Addressing the long-standing “dolomite problem,” an oddity that has vexed scientists for nearly 200 years, researchers report that dolomite crystals require cycling of saturation conditions to grow. The findings provide new insights into how dolomite is formed and why modern dolomite is primarily found in natural environments with pH or salinity fluctuations. Dolomite – a calcium magnesium carbonate – is one of the major minerals in carbonate rocks, accounting for nearly 30% of the sedimentary carbonate minerality in Earth’s crust. However, despite its geological abundance, dolomite does not readily grow under laboratory conditions, hindering the study of the mineral. For two centuries, scientific efforts have failed to precipitate dolomite in the laboratory near ambient conditions. The apparent contradiction between the massive deposits of dolomite in nature and its inability to grow even in supersaturated solutions under ambient conditions has resulted in the so-called dolomite problem. Here, using atomistic simulations of dolomite, Joonsoo Kim and colleagues make a discovery that informs this issue. Kim et al. used density function theory and kinetic Monte Carlo crystal growth simulations to show that cycles of saturation conditions are needed to promote dolomite crystal growth in the laboratory. According to the simulation’s predictions, frequent cycling of a solution between supersaturation and undersaturation can speed up dolomite growth by up to 10 million times – a process that may be paramount for producing the large amounts of dolomite on Earth’s surface. The authors validated their predictions using a transmission electron microscope to observe bulk dolomite crystal growth in situ under fluctuating saturation conditions. “The findings of Kim et al. raise many questions about how geochemical fluctuations occur in the natural world over geological timescales and what factors influence the process,” writes Juan Manuel García-Ruiz in a related Perspective.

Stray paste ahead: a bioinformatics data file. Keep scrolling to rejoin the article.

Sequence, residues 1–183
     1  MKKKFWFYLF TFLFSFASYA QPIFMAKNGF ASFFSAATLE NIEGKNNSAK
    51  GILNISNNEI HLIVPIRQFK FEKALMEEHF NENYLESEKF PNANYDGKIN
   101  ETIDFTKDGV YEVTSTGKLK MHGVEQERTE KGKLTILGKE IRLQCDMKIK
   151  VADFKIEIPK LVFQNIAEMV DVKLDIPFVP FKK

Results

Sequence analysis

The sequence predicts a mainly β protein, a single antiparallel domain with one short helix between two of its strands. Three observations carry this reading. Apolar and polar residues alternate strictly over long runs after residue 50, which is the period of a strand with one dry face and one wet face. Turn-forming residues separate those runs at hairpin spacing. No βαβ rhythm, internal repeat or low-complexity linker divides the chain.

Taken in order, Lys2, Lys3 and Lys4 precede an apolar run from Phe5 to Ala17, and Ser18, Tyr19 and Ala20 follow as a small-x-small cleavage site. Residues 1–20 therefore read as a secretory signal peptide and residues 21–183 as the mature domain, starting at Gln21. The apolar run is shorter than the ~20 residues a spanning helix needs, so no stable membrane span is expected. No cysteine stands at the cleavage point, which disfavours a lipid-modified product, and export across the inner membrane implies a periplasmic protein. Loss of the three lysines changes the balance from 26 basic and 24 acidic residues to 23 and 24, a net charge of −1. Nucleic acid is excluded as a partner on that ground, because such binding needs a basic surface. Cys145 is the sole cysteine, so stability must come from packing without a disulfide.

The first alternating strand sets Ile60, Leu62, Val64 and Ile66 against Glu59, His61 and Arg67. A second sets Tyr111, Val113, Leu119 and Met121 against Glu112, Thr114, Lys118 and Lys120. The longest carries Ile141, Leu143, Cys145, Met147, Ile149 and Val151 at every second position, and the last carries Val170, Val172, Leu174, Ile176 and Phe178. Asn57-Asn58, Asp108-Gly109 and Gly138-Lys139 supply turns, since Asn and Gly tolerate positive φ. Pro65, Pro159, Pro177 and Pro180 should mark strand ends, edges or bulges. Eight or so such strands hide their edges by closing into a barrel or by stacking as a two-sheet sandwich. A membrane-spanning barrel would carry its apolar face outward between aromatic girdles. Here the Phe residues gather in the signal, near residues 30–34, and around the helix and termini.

Dissolution enables dolomite crystal growth near ambient conditions
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